The Friar's Daughter
This is a story founded on truth. Practically every incident told about really happened; yet some liberty has been taken with the arrangements of these incidents into a story. Events are sometimes grouped outside of their natural order and place of occurrence, and the time of action is shortened. Conversation is necessarily invented, and is used to bring out the setting of the story and give it life. Another thing: Every writer recognizes that it is desirable to not have too many characters in a story, and to not drag it through unimportant incidents. Therefore, I have omitted many incidents of the occupation of the Philippines, and have in places ascribed to one person, in an effort to keep down the number of characters, acts which properly belonged to other persons, so that some of the characters are representative and composite. To illustrate my meaning-that a love story in the simplest form might run through the tale I have made Saguanaldo appear as a lover as well as a general, though this is acknowledged to be fiction.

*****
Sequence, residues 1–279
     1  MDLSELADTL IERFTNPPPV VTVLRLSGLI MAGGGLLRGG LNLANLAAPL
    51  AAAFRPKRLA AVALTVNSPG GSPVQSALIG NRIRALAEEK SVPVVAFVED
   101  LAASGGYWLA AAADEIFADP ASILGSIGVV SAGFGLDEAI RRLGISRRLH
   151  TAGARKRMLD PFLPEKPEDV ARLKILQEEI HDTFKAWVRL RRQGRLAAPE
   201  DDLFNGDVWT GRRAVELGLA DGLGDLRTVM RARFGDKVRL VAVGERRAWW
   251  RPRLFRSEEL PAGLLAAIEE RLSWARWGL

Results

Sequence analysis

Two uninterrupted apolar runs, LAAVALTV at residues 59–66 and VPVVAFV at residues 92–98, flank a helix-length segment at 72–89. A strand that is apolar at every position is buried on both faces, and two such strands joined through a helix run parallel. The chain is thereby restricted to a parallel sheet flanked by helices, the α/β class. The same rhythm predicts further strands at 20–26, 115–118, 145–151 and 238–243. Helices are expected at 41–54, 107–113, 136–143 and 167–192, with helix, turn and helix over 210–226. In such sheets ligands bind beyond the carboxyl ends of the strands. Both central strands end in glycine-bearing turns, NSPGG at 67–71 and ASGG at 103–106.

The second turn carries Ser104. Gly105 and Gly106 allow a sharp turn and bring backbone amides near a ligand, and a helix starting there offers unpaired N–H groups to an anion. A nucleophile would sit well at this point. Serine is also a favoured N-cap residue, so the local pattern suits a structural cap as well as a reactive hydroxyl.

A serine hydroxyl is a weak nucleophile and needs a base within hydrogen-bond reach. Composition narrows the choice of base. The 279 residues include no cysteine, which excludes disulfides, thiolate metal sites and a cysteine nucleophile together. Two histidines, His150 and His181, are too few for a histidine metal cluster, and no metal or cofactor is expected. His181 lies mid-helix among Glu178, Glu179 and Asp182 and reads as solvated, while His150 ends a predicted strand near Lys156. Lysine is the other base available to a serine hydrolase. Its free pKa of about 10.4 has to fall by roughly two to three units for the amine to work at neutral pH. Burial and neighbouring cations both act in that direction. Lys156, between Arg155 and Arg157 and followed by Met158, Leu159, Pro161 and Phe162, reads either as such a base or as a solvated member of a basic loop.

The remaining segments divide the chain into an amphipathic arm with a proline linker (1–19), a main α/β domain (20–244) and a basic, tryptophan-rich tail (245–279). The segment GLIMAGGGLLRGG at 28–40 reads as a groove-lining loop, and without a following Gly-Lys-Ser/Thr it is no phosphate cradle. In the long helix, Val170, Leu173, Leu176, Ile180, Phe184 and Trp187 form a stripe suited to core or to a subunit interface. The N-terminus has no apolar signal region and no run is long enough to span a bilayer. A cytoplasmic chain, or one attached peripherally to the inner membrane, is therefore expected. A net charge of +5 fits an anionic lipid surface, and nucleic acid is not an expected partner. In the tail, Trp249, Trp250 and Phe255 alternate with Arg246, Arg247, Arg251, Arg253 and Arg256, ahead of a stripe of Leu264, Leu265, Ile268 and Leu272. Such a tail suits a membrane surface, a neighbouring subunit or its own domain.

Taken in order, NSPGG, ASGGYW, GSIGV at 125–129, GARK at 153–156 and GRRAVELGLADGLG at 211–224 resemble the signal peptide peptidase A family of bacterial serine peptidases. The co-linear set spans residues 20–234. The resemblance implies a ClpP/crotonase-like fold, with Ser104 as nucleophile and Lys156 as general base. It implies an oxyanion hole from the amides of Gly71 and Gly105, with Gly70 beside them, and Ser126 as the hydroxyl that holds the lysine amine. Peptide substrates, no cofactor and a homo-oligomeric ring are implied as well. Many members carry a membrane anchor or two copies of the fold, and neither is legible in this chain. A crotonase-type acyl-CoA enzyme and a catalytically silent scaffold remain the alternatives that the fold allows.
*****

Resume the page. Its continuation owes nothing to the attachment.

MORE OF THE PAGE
- Paperback | 70 pages
- 152.4 x 228.6 x 4.06mm | 158.76g
- 10 Feb 1909
- Createspace Independent Publishing Platform
- Illustrations, black and white